Mortgage Regulation Acronyms : RMLO, BSA, FinCen, AML
The government has always been known for acronyms, and in the current environment, it seems more and more are popping up. The latest batch revolves around mortgage origination.
Residential mortgage lenders and originators (RMLOs) -- known as "mortgage companies" and "mortgage brokers" but not individual loan originators -- now are subject to the Bank Secrecy Acts (BSA), an anti-money laundering regime pursuant to a long expected new regulation backed by "FinCEN."
FinCen is a part of the Treasury that implements the U.S.'s anti-money laundering regime.
Under the new rules, RMLOs are required to develop and implement an anti-money laundering (AML) program. Financial institutions such as banks and broker-dealers have been required to maintain AML programs for some time, but by requiring RMLOs to implement AML Programs, FinCEN is attempting to "fill a regulatory gap that can be exploited by criminals, particularly in the conduct of mortgage fraud."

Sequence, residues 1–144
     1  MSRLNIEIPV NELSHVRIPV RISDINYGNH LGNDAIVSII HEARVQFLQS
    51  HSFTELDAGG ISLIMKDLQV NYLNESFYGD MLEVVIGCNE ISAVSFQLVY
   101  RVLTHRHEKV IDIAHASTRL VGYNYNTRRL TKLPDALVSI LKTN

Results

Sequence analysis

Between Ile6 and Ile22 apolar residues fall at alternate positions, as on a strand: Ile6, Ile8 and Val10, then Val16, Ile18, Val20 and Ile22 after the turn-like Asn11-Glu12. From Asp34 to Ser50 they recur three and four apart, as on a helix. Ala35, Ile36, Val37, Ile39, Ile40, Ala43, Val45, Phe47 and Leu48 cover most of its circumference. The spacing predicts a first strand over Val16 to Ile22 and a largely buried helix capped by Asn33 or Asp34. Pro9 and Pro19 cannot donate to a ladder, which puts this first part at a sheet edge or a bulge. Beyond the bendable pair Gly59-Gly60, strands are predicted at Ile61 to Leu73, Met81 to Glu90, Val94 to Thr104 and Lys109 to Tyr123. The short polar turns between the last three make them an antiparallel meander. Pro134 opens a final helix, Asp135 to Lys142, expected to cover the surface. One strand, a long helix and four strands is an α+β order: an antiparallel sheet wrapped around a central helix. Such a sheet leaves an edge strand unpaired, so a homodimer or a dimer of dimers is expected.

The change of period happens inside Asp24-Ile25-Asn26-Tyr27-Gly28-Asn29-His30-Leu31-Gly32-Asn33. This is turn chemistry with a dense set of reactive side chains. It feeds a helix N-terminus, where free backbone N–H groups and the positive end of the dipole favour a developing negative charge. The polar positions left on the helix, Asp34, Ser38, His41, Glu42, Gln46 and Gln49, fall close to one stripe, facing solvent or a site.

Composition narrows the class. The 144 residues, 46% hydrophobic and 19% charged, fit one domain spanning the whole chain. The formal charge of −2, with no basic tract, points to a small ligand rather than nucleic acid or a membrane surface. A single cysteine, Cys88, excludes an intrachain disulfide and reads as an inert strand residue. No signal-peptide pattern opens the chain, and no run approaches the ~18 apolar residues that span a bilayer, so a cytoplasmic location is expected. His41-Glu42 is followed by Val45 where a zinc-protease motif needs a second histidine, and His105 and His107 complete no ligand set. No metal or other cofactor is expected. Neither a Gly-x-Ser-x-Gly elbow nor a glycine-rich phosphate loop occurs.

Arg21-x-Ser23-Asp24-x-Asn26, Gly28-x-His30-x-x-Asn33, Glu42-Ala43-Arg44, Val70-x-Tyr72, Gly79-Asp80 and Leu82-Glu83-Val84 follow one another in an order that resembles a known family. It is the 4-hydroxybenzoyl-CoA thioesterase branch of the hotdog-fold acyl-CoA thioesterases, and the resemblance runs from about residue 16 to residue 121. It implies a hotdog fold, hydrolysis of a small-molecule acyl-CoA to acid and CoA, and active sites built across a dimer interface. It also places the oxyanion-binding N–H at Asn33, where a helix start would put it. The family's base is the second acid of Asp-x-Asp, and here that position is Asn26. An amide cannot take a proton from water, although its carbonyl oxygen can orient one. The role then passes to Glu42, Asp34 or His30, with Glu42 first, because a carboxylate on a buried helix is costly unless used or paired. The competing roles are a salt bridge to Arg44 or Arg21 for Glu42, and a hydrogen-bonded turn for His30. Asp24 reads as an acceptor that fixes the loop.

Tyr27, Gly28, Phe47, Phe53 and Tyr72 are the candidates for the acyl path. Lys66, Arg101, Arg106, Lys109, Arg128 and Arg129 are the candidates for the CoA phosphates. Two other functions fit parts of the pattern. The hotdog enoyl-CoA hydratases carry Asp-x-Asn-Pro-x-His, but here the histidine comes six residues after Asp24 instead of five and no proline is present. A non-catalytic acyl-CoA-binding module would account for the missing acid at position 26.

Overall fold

The new regulations do not apply to banks, persons registered with, and functionally regulated or examined by, the SEC or Commodity Futures Trading Commission because many of the foregoing types of companies are already covered by separate sets of anti-money laundering requirements. Nor does AML apply to any government-sponsored enterprise regulated by the Federal Housing Finance Agency and any federal or state agency or authority administering mortgage or housing assistance, fraud prevention, or foreclosure prevention programs.
Under a risk-based approach to implementation of the new regulations, FinCEN expects fraud prevention, as well as money laundering prevention, to be key goals underlying the various policies and procedures in an effective AML program for an RMLO. And in the long run, this will help the mortgage industry's reputation, and borrowers and investors' comfort levels with safety and soundness.